In reality, Marx was one of those people who, in the 19th century, found opportunities to sponge off of other people by getting himself invited to someone’s dinner as a philosopher, during which he’d daze the dinner guests with his profundity and perception. Slacker makes good, especially with Engels’ willingness to provide him with the edited material that he could use to confound dinner guests with his brilliance.

Essentially, he was a bum who had no money and no job, but had a wife and 7 children, and when he died, he left behind the magnificent sum of  £250, whereas Charles Dickens, well-known for his novels that indirectly criticized British society, left an estate worth £93,000 when he passed in 1870.

One semester of philosophy was required long ago. It was considered part of the Humanities. The drivel that philosophers create hasn’t changed much since Aristotle, that bugger for the bottle, managed to confuse his audience as much as possible and sponge off anyone willing to throw a few coins at him.

Marx styled himself a philosopher, as did Engels. Philosophical scribblings are on the same order as that mind pudding music from the New Agers: all noise with no substance. Trying to wade through the first chapter of “Communist Manifesto” was something on the order of ‘read this if you really can’t get to sleep”. It was mind pudding drivel. And guess what we had to read as part of the Philosophy semester.  Go on, just guess. Well, one chapter of it, anyway.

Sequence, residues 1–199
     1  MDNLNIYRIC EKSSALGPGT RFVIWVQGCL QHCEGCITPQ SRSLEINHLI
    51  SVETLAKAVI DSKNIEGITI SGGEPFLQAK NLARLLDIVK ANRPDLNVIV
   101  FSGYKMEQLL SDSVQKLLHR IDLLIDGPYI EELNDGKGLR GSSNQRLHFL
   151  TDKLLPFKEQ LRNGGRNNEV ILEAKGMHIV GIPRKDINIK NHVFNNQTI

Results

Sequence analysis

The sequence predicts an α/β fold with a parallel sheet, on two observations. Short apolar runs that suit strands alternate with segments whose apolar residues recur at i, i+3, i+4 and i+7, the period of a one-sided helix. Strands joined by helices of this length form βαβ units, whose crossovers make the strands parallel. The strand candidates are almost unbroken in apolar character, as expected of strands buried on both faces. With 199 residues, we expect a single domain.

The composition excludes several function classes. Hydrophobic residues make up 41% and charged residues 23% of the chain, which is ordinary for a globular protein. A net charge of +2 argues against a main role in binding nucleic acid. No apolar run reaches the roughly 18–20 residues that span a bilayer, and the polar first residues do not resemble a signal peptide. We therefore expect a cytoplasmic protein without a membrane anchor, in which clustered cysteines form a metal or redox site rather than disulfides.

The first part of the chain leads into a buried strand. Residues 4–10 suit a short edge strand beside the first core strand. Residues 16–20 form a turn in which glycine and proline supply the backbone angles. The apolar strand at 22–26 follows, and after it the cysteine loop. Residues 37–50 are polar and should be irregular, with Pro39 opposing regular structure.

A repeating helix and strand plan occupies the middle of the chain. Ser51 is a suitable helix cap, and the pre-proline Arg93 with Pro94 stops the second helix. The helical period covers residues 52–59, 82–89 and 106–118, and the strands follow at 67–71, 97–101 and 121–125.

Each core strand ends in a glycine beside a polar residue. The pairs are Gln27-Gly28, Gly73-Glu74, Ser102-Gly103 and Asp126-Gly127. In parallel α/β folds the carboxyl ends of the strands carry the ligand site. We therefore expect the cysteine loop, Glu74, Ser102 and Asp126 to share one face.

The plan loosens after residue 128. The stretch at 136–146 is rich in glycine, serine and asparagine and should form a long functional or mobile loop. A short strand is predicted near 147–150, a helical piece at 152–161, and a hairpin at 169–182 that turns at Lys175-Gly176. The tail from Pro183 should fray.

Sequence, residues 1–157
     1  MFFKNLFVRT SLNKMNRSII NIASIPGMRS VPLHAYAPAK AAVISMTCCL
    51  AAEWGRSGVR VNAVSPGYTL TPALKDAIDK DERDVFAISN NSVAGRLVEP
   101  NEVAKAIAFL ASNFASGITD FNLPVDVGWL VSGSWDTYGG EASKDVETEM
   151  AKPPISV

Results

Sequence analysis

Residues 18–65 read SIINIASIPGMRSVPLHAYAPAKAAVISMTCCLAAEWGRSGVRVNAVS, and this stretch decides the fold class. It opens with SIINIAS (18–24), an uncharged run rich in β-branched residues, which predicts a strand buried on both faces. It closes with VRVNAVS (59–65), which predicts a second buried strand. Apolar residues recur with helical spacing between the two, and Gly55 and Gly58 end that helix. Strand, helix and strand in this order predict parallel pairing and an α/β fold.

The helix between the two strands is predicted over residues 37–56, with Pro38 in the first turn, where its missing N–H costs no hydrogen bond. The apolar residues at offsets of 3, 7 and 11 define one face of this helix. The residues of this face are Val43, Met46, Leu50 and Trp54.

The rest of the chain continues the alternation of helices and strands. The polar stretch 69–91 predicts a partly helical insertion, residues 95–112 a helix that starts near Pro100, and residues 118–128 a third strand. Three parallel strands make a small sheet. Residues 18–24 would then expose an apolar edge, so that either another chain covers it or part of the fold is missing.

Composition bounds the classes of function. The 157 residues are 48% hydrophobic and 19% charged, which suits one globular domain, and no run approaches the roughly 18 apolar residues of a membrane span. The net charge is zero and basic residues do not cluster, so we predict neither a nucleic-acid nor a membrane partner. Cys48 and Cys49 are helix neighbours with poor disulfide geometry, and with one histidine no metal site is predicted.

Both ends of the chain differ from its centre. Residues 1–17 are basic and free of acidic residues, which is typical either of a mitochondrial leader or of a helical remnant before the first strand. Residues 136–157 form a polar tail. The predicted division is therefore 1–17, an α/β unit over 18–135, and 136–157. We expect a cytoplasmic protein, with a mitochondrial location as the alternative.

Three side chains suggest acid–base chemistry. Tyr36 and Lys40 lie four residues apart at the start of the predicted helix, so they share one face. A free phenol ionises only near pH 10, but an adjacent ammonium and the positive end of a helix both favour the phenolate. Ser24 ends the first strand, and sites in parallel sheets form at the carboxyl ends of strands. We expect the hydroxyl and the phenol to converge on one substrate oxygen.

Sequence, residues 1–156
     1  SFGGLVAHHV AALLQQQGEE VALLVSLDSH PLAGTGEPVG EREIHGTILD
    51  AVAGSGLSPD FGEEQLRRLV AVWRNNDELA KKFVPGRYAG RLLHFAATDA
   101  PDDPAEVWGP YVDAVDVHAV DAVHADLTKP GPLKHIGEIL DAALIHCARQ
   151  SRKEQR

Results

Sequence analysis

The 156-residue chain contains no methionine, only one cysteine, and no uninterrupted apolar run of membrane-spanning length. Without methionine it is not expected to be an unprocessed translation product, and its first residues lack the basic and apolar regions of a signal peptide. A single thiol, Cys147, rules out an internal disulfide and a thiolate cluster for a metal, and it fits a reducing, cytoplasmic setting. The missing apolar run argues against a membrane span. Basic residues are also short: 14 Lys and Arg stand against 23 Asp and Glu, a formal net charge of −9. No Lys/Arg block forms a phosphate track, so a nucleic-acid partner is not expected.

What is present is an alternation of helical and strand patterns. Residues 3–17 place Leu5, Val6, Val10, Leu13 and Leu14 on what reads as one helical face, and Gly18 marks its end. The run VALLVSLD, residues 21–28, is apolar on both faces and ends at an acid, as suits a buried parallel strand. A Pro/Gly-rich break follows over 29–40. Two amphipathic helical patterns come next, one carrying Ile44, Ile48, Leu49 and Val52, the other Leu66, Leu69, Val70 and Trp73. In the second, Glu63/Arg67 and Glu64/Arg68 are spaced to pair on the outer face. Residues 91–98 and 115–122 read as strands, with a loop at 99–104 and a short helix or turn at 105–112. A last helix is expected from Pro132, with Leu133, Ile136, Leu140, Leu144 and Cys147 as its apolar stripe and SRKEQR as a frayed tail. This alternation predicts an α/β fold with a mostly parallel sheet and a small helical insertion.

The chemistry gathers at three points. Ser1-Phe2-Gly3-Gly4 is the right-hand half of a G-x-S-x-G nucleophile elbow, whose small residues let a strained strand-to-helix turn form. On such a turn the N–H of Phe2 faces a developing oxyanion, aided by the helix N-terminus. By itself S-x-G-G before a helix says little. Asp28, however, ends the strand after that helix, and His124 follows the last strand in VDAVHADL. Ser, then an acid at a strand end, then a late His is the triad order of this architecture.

Don’t go away. There’s more to come.

I believe that Monty Python may have had the right idea about philosophers, right here:


And for a bit more entertainment, for those of you who are bored, I give you the Communist Quiz Show:


Category: "The Floggings Will Continue Until Morale Improves", Dumbass Bullshit

Comments (39)

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  1. Veritas Omnia Vincit says:

    I feel cheated, I thought you were going to take on the nihilistic charm of looking into the abyss and having the abyss look back, and you pulled the old bait and switch and left us with a discussion about two freeloaders who lent the basis to several nations of commie rat bastards..

  2. MI Ranger says:

    I wish I could get Youttube at work….I miss the entertainment!